One of the most elusive documents in my family search was the Philadelphia Census on which my mother's father's mother's family appears. She was born there before the turn of the century, but we weren't sure when they moved there, or whether all her siblings had been born in the US or not. We knew they had lived in the states for a number of years, but had been told that the census document with their names had been burned in a fire where the records had been stored. So I despaired of ever finding it. Then, this past year, while looking through Family Search.org, I found a copy, and the wealth of information on the document has been a godsend.

When I found the 1900 Census last year, I was elated. Not only does it list the names of my great-grandmother and her living siblings at the time, but it told me that her mother had had two other children—the document asks how many children a woman has had, and how many are still living. We actually already had record of the other children before this, but having this document confirms how many, which is wonderful to have.

I also learned that my great-great grandparents had arrived about seventeen years before, according to the document, and that they were both naturalized in 1883, so the year they arrived, or shortly thereafter.

I do know that within another ten years, shortly after their final child's birth, the family all returned to Ireland. Work became too difficult for my great-great grandfather, and he hoped that returning to their former home would help him find better opportunities.

March 10 — What role did religion play in your family? How did your female ancestors practice their faith? If they did not, why didn’t they? Did you have any female ancestors who served their churches in some capacity?
Both sides of the family are so very different.
Dad was raised in a very non-religious household because his father was non-practicing Jewish after the war, and his mother stopped attending the Lutheran church after her mother's death in 1929. She did attend church while in school, because it was a requirement, but she said she picked a church (Methodist, if I recall correctly) at the time based on how simple it was to just sit and listen to the sermon.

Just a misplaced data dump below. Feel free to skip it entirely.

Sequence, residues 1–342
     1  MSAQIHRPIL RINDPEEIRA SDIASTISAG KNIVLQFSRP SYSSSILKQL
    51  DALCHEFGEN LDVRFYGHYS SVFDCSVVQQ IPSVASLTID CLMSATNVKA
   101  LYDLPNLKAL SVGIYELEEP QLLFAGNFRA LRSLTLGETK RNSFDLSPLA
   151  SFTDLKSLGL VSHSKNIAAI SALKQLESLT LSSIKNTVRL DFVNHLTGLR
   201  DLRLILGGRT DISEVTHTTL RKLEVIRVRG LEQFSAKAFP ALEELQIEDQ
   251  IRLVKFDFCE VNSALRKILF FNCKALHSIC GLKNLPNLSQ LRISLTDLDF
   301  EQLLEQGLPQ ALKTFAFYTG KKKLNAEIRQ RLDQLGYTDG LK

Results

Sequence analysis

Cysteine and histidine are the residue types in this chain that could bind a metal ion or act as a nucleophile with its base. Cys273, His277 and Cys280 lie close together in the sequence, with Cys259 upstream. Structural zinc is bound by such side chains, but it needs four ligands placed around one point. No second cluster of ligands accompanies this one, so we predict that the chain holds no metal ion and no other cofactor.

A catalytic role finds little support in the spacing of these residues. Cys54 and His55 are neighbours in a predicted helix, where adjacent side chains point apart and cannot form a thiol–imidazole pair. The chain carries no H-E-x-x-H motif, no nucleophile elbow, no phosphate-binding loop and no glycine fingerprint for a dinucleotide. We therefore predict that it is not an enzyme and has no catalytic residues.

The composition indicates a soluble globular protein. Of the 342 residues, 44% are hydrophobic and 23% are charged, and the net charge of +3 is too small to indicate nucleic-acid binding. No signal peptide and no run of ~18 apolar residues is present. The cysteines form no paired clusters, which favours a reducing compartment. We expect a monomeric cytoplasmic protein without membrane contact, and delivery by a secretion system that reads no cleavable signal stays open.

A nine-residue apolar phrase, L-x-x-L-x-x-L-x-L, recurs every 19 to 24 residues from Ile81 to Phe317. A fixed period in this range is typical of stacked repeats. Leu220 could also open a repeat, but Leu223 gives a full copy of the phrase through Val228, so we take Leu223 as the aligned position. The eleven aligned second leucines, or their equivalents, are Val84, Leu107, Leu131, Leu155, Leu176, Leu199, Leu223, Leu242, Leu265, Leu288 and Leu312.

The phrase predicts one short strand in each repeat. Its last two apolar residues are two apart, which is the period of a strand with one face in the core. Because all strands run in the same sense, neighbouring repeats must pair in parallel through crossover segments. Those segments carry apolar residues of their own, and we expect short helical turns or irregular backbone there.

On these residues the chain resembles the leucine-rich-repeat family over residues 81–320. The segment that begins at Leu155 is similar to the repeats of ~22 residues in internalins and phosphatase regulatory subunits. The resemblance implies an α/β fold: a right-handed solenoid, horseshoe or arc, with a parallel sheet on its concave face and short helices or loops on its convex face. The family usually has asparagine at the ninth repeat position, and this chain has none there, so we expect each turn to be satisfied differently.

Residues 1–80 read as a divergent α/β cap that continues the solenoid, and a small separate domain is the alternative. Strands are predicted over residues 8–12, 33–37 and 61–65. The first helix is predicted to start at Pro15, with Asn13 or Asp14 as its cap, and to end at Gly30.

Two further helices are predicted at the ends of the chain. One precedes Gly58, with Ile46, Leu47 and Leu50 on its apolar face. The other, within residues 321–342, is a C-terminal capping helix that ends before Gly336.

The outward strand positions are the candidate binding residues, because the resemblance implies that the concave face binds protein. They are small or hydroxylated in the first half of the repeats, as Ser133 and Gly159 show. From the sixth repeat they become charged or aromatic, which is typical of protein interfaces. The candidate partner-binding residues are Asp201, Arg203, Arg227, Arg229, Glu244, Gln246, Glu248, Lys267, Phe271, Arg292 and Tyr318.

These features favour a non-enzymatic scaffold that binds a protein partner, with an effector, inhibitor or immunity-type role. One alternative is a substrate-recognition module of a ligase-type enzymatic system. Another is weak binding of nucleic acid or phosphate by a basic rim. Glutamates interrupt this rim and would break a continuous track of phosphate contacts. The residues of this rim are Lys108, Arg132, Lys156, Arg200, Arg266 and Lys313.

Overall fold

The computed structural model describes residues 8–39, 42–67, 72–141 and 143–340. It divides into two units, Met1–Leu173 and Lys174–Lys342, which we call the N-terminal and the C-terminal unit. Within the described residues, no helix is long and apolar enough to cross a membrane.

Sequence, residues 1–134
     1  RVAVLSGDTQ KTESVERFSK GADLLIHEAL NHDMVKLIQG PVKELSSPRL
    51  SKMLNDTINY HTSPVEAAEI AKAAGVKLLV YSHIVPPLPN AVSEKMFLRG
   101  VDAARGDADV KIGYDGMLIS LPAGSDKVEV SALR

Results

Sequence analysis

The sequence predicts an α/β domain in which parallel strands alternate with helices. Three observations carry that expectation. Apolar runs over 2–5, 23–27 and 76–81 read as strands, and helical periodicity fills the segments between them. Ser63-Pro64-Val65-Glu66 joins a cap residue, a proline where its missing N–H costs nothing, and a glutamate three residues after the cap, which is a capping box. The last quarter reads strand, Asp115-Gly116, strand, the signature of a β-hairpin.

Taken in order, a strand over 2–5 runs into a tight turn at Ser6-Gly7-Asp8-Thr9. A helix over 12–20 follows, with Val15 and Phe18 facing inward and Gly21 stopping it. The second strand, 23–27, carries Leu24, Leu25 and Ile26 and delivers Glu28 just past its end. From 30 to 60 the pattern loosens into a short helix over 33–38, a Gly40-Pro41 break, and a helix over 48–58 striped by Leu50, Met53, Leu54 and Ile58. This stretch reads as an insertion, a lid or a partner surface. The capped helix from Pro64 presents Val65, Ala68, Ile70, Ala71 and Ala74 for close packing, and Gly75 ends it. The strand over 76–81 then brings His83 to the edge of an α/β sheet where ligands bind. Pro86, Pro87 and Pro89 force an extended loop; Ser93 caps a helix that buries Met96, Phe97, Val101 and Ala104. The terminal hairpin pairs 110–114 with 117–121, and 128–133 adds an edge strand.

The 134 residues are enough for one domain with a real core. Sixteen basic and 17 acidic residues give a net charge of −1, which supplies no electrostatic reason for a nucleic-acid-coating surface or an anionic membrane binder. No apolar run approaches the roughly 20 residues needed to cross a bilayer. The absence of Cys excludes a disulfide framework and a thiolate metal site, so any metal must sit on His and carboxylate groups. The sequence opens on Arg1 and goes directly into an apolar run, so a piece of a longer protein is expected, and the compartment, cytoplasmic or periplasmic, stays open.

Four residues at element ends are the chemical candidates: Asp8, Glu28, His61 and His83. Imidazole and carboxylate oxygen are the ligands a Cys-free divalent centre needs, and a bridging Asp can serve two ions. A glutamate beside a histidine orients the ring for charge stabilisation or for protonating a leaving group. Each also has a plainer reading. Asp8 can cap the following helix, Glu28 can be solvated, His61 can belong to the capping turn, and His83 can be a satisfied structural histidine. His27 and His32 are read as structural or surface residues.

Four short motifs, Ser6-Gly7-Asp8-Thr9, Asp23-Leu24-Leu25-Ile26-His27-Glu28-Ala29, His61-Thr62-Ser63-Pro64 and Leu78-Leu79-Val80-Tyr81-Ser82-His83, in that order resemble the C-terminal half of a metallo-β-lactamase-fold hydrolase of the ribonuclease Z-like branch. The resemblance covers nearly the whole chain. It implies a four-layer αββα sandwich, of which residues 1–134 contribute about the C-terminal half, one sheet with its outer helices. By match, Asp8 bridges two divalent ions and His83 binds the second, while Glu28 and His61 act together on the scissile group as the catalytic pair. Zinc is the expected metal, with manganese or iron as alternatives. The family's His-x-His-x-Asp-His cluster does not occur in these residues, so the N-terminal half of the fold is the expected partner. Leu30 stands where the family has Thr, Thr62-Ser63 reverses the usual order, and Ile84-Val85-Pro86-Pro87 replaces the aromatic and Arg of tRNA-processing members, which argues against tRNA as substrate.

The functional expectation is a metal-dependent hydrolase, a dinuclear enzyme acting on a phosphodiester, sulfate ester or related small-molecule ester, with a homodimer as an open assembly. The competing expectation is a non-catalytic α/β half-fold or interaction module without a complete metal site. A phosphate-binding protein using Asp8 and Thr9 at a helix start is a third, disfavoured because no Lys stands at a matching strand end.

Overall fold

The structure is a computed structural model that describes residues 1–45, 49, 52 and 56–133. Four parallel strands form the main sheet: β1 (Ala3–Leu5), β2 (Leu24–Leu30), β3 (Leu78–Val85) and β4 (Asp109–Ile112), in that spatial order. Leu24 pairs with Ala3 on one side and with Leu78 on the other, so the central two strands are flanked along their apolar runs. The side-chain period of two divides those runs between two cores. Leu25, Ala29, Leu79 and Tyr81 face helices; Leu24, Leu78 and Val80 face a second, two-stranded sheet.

My mother's side of the family was much more religious. I believe they were Methodist. I remember attending church with my grandparents when I stayed with them quite often. I do know that my grandmother and her mother and father all participated in choir as part of their regular church activities.

March 11 — Did you have any female ancestors who died young or from tragic or unexpected circumstances? Describe and how did this affect the family?
As I mentioned above twice, my paternal grandmother lost her mother when she was quite young. Oline Hansen was 42 when she died. She caught a respiratory illness which became pneumonia, and soon after, she died. My great-grandfather was devastated. His maternal aunt came to Cleveland for a few days to help, but after she returned to her home in New York, he moved his children in with his brother and sister-in-law, and set about building them a new home, not wanting to live in the house where she had died.

March 12 — Working girl: Did your mother or grandmother work outside the home? What did she do? Describe her occupation.
My paternal grandmother worked for my grandfather after he started his CPA office in the 60s. She worked as his secretary.
My mother has worked in a few different offices. Her longest stint was at Mutual Travel, which used to be a branch of Washington Mutual (I'm not sure if they survived the bank's collapse). She worked in their accounting department for many years before changing jobs.


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About this blog

This blog is maintained by two sisters who have had a life long interest in geneology.
Mika writes here mostly about our family (Hansen, Hillinger, Bordewick, Park, etc), and her search for more information.
Shannon mostly uses this space as a place to make the many stories written about and by her husband's family (Holly, Walker, Walpole, etc) available to the rest of the family, present and future.

Our blog is named Oh Spusch! mostly because Shannon is bad at naming things. The first post I put up includes a story about the time Walker's great grandfather took his whole family out to see a play and the littlest kept saying "Oh! Spusch!" No one ever figured out what she meant by that.